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You can have any sled so long as its a sidewinder..... that just goes to show how few of those they are selling that they have to wait at least 2 years to let the dealers clear out 16,17 and 18 sleds.... thats bad.... i think for yamaha its just a sad day for all of sledding killing a whole segment is no small thing... i think back when yamaha started the whole 4 stroke craze with dirt bikes they would do the same with sleds (to this day i think if the ama didnt give the 4 strokes such a huge displacement advantage they never would have taken over)... and yamaha was rideing high thinking to do the same with sleds early on it sortof worked and lots of peope got them, good inital reviews, lots of people thinking it was the new big thing... and slowly people relised they just were not doing what they needed them to do, (insert your reason here) time went on and still getting good reviews online and on tv (testers paid/ afraid to say what was really the elephant in the room that this 4 stroke thing wasent really working, now we are here the allmighty $ will always show what companys are thinking... i really like yamaha, i want so bad for them to pull up the panties suck it up and design a real sled like we all know they can (a 2 stroke with a wicked chassies all made by yamaha) but like most people that are tired of saying maby next year i think after this i am done with that idea too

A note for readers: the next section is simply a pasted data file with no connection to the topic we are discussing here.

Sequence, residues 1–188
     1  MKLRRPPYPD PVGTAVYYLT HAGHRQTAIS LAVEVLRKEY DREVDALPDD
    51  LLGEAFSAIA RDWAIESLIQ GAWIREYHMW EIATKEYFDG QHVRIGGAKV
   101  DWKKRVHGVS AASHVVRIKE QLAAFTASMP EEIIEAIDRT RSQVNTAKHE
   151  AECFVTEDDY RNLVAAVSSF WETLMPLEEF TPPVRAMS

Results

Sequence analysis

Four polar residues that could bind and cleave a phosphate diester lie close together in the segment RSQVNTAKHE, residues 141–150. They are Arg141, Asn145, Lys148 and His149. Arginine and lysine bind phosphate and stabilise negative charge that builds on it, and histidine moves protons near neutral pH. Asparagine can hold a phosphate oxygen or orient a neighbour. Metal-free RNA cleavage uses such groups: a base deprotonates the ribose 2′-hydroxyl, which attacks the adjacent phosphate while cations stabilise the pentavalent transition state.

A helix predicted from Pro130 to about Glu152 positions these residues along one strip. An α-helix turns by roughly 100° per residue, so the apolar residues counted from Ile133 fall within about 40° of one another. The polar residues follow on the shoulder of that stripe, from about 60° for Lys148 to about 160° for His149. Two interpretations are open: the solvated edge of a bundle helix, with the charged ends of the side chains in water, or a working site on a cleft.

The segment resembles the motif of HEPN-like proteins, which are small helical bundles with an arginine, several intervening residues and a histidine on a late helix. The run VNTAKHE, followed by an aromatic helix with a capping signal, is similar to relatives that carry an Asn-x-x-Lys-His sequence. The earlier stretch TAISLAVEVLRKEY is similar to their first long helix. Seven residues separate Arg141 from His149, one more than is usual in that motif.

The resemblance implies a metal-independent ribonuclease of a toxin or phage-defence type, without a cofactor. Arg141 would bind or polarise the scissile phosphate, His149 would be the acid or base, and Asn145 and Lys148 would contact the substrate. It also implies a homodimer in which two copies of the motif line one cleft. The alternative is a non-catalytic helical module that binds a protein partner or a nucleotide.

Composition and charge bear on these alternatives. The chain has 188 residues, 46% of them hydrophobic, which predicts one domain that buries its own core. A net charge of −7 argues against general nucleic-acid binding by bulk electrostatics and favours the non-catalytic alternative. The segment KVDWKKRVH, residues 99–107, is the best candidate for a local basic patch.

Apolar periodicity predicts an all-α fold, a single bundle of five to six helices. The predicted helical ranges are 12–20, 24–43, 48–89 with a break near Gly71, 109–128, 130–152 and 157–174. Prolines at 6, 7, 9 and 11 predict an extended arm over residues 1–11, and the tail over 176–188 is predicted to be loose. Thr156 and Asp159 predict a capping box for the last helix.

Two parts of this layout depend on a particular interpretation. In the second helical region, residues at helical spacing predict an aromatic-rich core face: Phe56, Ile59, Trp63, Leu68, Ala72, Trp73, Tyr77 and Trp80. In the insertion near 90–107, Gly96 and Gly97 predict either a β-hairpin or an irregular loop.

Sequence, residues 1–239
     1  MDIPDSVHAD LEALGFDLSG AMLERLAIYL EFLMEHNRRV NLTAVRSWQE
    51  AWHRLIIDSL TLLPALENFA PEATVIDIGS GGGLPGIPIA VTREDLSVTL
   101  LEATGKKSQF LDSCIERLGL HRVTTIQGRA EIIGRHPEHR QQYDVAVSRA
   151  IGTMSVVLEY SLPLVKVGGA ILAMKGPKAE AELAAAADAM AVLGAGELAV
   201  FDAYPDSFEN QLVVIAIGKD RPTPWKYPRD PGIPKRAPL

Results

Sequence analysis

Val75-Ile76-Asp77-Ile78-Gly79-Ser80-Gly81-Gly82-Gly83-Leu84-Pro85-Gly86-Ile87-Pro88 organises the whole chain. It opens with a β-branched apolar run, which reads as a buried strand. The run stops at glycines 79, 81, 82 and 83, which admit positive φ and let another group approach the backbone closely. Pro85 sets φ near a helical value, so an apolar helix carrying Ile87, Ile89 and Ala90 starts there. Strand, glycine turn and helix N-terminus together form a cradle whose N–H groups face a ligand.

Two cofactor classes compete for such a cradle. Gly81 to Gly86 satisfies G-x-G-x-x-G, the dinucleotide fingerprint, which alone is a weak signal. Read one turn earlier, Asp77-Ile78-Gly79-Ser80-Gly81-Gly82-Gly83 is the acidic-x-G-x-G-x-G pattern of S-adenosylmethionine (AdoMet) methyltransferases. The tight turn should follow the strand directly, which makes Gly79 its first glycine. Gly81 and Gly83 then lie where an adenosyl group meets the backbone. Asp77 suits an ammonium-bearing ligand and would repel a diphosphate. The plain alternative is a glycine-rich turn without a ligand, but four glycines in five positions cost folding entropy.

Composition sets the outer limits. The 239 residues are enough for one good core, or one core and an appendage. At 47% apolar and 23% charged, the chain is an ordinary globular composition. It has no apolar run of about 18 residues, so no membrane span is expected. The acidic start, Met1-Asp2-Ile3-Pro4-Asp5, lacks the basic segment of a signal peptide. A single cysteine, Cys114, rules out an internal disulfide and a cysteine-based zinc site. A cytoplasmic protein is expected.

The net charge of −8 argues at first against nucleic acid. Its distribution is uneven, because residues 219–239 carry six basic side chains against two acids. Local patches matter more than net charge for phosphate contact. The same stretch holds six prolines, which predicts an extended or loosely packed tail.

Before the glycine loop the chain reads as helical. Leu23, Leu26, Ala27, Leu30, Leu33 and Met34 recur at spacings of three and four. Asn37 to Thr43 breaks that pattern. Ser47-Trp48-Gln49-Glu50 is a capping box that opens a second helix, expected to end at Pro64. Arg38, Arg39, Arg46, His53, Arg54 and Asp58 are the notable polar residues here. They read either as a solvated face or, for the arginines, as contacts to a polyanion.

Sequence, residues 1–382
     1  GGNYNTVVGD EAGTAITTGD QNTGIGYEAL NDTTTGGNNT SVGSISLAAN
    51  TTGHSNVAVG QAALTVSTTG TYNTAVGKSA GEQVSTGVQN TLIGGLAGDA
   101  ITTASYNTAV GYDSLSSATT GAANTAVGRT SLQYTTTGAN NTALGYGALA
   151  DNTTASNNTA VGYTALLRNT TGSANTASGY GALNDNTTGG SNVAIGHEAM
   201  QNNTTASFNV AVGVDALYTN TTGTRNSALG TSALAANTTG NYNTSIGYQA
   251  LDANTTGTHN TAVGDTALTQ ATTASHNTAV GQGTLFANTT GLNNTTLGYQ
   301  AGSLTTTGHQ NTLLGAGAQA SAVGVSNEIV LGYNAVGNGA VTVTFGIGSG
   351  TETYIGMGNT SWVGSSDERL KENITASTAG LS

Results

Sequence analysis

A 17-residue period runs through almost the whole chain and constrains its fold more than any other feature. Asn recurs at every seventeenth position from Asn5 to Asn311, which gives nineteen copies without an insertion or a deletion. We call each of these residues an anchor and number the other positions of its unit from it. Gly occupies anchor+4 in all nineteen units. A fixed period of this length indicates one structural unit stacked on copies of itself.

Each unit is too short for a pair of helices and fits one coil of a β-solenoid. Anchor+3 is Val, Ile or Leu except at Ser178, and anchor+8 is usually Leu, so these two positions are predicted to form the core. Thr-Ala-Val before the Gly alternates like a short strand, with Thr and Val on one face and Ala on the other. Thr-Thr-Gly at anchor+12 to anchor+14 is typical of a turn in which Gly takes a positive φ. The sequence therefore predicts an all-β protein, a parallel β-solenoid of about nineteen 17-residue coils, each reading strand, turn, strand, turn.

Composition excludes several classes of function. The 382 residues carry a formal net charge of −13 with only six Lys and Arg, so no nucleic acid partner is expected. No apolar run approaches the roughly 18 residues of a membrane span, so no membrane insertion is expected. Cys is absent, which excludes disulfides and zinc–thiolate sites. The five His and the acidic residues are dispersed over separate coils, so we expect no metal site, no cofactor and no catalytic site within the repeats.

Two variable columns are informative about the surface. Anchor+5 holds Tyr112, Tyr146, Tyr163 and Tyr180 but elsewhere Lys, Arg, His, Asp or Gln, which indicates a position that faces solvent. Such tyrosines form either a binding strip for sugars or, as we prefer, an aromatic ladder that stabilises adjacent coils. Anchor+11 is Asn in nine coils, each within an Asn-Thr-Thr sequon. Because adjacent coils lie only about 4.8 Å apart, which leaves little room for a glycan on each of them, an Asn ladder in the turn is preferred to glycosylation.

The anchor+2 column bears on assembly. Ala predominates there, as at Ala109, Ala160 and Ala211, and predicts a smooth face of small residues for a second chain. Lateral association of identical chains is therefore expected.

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I'd like to know where this unrealistic expectation is coming from. Everyone (myself included) thinks that Yamaha has the potential to come out with this godly machine that will take the market by storm. but why??

Yes they did once have sole ownership of the top manufacturer in the snowmobile market, and they do make some very reliable 2 strokes. However, with the way the market has gone; Light and nimble with exceptional suspension.. I doubt they could ever compete without Arctic Cat's help.